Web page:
Five years ago my children's children were housed in the Houston Astrodome, sleeping on bridges in New Orleans and Gulfport – perhaps not their biological children, but their children nonetheless, children of racism, children of oppression, children who were robbed of their childhoods as surely as my campers were robbed of theirs.

I was haunted by the faces of hurricane survivors from Louisiana and Mississippi for I know these children, these parents, these grandparents. I continue to be angered and saddened at our national inability to directly deal with poverty choosing instead to blame the victims of oppression, by our willingness to redirect resources from the poorest Americans and squander those resources on unneeded bridges, unnecessary tax cuts, and our wars to oppress other people of color on others continent to keep gas prices down and oil profits up. We live in what Laura Flanders calls a "sink or swim" society, with grossly unequal access to healthcare, housing, and government relief efforts. The Census Bureau’s statistics tell it for the umpteenth time. For the ninth straight year, only the top 5 percent of Americans have been thriving; incomes and resources for the other 95 percent have been flat or on the decline.

There are Americans living on the margins, living a marginal existence. I am ashamed that it is possible, actually very easy for me to have a first class standard of living even though you and I live in what is for others a third world country, that poor people are too easily "out of sight, out of mind", and that poverty is not an equal opportunity employer, but continues to favor historically marginalized groups. Katrina didn't turn the gulf into a third world country – racism and our ability to live in a racist system, turned Louisiana and Mississippi into a third world country. In 2004 Vice-Presidential candidate John Edwards was derided for speaking of the two Americas. But there are at least two kinds of Americans: those who can get themselves out of harms way, and those who cannot; those our government rushes to help, and those they do not; those who are expendable, and those who are not. Here in our one (and only one) America, 12% of white Americans surveyed but 60% of black Americans surveyed in late 2005 believed that racism was a factor in the lack of response to Katrina. This was big news for about five days, on our screens for less time than it took to notice an entire nursing home gone missing, less time than it took to return home and remove the plywood from the windows.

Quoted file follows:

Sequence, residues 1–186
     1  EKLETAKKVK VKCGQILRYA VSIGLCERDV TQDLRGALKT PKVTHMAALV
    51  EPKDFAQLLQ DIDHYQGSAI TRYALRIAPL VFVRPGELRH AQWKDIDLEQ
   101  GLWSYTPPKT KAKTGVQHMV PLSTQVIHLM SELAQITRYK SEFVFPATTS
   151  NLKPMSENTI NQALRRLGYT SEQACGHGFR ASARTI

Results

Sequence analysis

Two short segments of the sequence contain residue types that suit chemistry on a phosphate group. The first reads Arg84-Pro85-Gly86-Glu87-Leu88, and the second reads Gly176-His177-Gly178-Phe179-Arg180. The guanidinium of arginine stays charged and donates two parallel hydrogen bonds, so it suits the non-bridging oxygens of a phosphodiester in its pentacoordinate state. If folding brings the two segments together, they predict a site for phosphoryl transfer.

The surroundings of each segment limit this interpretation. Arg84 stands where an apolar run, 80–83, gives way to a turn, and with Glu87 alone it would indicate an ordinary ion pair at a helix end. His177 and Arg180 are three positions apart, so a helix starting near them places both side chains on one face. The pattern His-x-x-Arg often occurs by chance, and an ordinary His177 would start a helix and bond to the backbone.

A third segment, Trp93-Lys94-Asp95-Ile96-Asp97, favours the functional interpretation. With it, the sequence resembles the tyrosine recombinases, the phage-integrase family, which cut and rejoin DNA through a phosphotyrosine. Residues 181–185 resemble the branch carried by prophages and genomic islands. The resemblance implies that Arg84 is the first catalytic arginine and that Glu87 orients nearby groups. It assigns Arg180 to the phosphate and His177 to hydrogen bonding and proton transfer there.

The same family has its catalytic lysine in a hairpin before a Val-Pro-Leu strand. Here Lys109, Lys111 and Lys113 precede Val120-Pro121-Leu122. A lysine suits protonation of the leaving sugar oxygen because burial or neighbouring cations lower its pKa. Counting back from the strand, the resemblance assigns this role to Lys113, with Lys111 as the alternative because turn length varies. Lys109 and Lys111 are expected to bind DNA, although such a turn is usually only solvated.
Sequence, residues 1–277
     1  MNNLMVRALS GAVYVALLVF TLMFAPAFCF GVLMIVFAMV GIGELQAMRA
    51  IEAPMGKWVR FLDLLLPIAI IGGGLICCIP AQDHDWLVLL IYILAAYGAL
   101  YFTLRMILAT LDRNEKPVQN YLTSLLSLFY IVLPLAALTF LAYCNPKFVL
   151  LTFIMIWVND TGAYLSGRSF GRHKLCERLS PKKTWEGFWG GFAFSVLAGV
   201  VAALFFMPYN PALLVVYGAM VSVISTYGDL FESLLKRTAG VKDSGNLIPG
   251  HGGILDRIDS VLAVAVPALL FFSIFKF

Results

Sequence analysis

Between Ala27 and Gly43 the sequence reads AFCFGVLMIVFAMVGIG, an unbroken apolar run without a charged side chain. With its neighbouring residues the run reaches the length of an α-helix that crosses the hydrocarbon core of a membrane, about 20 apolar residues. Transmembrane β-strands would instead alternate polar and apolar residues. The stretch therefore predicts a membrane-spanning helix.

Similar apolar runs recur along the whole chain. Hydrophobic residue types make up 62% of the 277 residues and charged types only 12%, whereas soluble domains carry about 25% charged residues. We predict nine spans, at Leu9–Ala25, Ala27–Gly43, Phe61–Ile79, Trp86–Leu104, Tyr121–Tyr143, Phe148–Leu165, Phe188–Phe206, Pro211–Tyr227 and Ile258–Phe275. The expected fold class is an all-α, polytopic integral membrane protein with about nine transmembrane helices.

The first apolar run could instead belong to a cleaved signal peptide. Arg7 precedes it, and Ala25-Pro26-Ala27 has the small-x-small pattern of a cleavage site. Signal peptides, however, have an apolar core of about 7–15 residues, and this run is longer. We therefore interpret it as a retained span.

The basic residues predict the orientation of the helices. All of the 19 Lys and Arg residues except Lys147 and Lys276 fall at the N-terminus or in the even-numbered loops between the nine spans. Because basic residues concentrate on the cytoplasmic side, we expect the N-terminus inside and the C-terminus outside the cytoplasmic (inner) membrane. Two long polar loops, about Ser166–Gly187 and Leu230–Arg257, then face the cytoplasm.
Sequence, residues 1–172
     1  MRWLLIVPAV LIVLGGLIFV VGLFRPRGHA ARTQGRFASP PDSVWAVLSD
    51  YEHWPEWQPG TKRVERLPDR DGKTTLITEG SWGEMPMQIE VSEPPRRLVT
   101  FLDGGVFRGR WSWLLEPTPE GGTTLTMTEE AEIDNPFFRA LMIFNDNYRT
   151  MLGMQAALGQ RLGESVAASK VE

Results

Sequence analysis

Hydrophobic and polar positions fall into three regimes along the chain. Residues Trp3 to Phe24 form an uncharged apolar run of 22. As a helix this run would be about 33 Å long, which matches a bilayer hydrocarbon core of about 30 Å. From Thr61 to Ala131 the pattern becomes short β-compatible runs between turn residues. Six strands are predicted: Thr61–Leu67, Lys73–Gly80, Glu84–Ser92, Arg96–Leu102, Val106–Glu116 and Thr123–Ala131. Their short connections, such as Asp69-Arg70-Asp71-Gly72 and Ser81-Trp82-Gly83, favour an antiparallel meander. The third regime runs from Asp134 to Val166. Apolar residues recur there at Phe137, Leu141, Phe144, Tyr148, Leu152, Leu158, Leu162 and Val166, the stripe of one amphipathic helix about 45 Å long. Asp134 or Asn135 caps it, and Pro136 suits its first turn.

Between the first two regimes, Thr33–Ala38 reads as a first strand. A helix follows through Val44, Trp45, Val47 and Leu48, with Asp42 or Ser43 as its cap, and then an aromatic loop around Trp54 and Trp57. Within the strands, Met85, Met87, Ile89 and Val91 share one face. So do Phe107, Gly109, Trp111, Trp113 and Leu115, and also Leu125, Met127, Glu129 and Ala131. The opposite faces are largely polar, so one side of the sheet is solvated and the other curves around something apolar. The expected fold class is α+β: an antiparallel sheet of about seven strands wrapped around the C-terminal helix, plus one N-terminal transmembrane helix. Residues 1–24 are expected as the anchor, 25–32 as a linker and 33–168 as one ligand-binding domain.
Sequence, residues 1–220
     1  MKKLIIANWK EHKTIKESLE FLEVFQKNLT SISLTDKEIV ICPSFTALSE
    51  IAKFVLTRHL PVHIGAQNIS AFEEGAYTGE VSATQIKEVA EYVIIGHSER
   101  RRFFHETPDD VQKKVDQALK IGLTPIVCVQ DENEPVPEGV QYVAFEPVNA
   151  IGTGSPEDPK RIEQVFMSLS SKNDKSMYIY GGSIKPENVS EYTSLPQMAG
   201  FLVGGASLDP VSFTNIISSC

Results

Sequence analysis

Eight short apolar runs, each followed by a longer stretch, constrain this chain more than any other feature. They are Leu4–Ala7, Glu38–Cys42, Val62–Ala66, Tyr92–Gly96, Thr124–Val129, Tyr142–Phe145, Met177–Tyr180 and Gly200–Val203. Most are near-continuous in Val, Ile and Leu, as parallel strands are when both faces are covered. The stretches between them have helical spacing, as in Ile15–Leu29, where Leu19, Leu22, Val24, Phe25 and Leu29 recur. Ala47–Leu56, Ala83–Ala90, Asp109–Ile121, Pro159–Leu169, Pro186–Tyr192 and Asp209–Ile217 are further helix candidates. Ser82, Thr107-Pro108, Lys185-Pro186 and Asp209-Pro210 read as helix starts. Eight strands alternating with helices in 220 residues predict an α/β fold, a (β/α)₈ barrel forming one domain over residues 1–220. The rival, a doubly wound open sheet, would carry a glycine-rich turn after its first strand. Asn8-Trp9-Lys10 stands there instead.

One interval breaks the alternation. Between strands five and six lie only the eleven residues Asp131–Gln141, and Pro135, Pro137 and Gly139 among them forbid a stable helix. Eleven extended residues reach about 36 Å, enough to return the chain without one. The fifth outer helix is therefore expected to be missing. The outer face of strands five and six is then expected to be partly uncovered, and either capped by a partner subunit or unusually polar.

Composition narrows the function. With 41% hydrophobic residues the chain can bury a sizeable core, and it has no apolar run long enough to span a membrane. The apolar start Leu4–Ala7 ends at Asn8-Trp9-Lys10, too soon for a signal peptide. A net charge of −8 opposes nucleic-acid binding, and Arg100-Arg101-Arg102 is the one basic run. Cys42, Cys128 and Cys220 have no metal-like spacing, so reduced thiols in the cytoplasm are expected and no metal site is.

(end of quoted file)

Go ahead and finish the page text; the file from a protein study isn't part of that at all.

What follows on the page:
A few days after Katrina made landfall, Tim Wise wrote a column for MSN online entitled A God with Whom I Am Not Familiar. It begins:
This is an open letter to the man sitting behind me at La Paz today, in Nashville, at lunchtime, with the Brooks Brothers shirt:

You don't know me. But I know you. I watched you as you held hands with your tablemates at the restaurant where we both ate this afternoon. I listened as you prayed, and thanked God for the food you were about to eat, and for your own safety, several hundred miles away from the unfolding catastrophe in New Orleans. You blessed your chimichanga in the name of Jesus Christ, and then proceeded to spend the better part of your meal morally scolding the people of that devastated city,
heaping scorn on them for not heeding the warnings to leave before disaster